This was read aloud before the program ended. It was a mindful and reflective way of closing out our day together and brought us a step closer to healing what is broken in our communities.

The program on the afternoon of December 17, 2016 was one of many critical steps in the community building of the Jefferson-Chalmers area. The neighbors, friends, and family of FFG came out despite falling snow and cold temperatures. We appreciated the many that did show up in spite of harsh, snowy weather. One visitor from France found us via facebook and enjoyed the meal that was served. He said his town of Marseilles does not have the sense of community that Detroit has and he wondered aloud what changes are needed to create such a sense of loving unity.

FFG-102

The families that attended helped in providing an atmosphere that emphasized doing our part with each person to build community. Many have attended FFG programming before but there were new friends and their beautiful children all enjoyed a meal of homemade vegetarian chili, old fashioned homemade Chicken & Dumplings, a salad of dark greens, and cornbread.   

A representative of Detroit Zero Waste was present to make sure that families that cannot afford to pay for a blue recycle bin get one for their waste. This is a necessary step toward reduction of recyclable waste going into the incinerator and helps households become responsible to the environment. We put out a call for warm clothing, new and gently used.  We are able to assist those that may be in dire need this winter, especially families from our neighborhood and youth at a local housing shelter.  A table of hats, scarves, gloves, sweaters, and coats piled up rather quickly.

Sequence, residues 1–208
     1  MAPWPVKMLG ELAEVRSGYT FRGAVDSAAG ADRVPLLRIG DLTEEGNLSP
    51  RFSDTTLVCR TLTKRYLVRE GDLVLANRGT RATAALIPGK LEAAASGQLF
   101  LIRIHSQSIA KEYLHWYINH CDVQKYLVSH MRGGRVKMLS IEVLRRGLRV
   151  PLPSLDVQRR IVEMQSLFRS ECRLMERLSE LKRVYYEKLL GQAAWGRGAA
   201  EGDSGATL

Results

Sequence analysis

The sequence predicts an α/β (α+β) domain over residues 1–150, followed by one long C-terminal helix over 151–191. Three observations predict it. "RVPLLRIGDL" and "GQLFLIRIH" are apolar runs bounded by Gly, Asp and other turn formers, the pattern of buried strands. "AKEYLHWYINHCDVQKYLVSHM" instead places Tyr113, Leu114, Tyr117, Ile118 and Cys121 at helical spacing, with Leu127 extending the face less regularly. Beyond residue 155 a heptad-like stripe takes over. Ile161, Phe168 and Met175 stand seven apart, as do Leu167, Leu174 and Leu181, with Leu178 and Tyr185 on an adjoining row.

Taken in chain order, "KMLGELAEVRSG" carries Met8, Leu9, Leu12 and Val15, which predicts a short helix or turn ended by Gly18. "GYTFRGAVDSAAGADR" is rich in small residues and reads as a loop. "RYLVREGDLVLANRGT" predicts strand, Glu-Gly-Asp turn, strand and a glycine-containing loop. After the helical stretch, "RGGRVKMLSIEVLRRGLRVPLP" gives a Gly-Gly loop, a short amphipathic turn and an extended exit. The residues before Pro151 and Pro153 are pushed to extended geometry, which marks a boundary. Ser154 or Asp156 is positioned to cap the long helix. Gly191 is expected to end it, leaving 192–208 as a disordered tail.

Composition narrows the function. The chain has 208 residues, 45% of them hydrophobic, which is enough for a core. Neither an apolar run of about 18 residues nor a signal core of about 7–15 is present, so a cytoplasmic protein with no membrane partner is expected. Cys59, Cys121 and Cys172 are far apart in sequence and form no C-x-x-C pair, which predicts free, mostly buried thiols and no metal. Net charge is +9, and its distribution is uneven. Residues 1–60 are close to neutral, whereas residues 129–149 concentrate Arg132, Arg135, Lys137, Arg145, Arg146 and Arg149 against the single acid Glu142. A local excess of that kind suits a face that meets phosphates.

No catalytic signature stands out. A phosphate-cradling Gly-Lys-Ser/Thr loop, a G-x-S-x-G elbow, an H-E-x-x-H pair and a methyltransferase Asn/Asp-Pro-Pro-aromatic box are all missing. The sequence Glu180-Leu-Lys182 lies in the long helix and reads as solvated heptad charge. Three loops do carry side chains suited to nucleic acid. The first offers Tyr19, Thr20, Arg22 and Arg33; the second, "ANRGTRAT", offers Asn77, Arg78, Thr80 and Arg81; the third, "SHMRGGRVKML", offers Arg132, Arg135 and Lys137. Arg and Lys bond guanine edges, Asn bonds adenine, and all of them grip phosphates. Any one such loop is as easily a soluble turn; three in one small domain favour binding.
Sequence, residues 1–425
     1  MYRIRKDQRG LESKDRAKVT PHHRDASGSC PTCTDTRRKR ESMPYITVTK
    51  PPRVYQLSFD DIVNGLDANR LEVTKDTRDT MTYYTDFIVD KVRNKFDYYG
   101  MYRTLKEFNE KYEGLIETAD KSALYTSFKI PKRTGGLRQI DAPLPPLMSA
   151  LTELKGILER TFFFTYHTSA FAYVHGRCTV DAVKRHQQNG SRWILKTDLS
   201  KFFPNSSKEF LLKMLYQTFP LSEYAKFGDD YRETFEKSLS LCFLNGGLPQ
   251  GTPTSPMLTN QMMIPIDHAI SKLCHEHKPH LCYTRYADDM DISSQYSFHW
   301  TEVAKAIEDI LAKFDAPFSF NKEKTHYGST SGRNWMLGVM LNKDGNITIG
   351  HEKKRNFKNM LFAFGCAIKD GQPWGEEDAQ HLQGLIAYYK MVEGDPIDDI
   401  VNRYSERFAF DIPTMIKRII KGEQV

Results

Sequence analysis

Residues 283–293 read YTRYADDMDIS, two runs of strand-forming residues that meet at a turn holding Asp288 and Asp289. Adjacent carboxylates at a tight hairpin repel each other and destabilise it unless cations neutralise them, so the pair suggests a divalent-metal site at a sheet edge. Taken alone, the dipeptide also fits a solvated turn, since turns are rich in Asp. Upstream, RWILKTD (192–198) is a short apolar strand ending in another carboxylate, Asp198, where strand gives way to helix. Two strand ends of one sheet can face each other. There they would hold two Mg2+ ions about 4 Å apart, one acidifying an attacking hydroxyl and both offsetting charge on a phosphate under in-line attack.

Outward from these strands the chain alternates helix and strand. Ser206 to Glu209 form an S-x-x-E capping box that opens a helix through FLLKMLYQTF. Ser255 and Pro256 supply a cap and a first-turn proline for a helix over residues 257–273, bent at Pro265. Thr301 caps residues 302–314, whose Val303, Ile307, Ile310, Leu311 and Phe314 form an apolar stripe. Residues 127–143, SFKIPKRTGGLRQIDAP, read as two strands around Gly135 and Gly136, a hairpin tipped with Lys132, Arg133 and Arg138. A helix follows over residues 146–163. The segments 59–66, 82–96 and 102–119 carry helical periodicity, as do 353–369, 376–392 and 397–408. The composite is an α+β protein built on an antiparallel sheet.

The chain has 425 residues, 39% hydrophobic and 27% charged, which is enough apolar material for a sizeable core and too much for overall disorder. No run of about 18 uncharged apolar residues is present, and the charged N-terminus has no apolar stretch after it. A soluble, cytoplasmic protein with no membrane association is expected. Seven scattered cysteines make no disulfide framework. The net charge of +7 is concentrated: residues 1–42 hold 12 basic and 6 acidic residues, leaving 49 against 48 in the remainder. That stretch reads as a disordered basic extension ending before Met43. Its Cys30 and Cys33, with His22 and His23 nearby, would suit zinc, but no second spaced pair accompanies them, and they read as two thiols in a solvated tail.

Moms, Dads and children created artistic designs on t-shirts. Artist and Mentor Wayne Curtis tutored youth in creating original designs to be screen printed at a later date. The team of OneCustom City Screen T-Shirt printing let the youngsters color and press the designs to get a feel for what they had created.  

Feedom Freedon Growers meets once a month in a local venue to cook, converse and create, grow our souls and grow our community into critical, caring thinkers and doers. You can like visit us on fb and stay tuned for January programming as we reflect again on the powerful words and actions of the Detroit activist’s community.

new_mo_cover
The Boggs Book Shop is open and waiting for you!
Among many other titles, don’t miss…

Ron Scott’s – How to End Police Brutality

evolution in the 21st Century Anthology

…or the classic, Conversations in Maine


The James and Grace Lee Boggs Center to Nurture Community Leadership

.

3061 Field Street
Detroit, Michigan 48214
US

  Jimmy and Grace  
Our mission is to nurture the transformational leadership capacities of individuals and organizations committed to creating productive, sustainable, ecologically responsible, and just communities. Through local, national and international networks of activists, artists and intellectuals we foster new ways of living, being and thinking to face the challenges of the 21st century.
Living for Change News